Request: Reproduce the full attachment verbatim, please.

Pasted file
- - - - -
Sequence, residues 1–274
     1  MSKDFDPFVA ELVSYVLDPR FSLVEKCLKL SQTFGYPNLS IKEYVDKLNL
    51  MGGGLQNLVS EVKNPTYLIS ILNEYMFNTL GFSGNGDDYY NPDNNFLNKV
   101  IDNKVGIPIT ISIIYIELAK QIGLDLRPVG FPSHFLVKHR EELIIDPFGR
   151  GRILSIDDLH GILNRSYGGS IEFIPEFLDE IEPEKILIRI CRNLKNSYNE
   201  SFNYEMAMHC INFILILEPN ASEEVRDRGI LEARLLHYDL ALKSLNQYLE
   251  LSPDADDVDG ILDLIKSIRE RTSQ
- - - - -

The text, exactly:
Sequence, residues 1–274
     1  MSKDFDPFVA ELVSYVLDPR FSLVEKCLKL SQTFGYPNLS IKEYVDKLNL
    51  MGGGLQNLVS EVKNPTYLIS ILNEYMFNTL GFSGNGDDYY NPDNNFLNKV
   101  IDNKVGIPIT ISIIYIELAK QIGLDLRPVG FPSHFLVKHR EELIIDPFGR
   151  GRILSIDDLH GILNRSYGGS IEFIPEFLDE IEPEKILIRI CRNLKNSYNE
   201  SFNYEMAMHC INFILILEPN ASEEVRDRGI LEARLLHYDL ALKSLNQYLE
   251  LSPDADDVDG ILDLIKSIRE RTSQ